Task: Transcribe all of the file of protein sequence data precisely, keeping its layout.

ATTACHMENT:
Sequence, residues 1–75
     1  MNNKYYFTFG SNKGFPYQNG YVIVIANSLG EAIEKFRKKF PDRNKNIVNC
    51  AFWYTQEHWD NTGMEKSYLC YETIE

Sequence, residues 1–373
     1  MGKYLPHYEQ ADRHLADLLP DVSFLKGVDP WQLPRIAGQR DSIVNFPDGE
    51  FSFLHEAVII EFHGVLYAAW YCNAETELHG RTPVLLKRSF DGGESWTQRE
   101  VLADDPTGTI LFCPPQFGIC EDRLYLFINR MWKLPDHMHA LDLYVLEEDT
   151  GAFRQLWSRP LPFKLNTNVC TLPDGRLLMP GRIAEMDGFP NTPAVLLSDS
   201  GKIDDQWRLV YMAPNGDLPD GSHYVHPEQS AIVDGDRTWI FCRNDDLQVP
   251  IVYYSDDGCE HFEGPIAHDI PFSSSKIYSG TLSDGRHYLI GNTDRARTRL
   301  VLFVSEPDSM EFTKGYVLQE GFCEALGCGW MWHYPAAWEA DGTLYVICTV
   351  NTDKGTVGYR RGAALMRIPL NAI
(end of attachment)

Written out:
Sequence, residues 1–75
     1  MNNKYYFTFG SNKGFPYQNG YVIVIANSLG EAIEKFRKKF PDRNKNIVNC
    51  AFWYTQEHWD NTGMEKSYLC YETIE

Sequence, residues 1–373
     1  MGKYLPHYEQ ADRHLADLLP DVSFLKGVDP WQLPRIAGQR DSIVNFPDGE
    51  FSFLHEAVII EFHGVLYAAW YCNAETELHG RTPVLLKRSF DGGESWTQRE
   101  VLADDPTGTI LFCPPQFGIC EDRLYLFINR MWKLPDHMHA LDLYVLEEDT
   151  GAFRQLWSRP LPFKLNTNVC TLPDGRLLMP GRIAEMDGFP NTPAVLLSDS
   201  GKIDDQWRLV YMAPNGDLPD GSHYVHPEQS AIVDGDRTWI FCRNDDLQVP
   251  IVYYSDDGCE HFEGPIAHDI PFSSSKIYSG TLSDGRHYLI GNTDRARTRL
   301  VLFVSEPDSM EFTKGYVLQE GFCEALGCGW MWHYPAAWEA DGTLYVICTV
   351  NTDKGTVGYR RGAALMRIPL NAI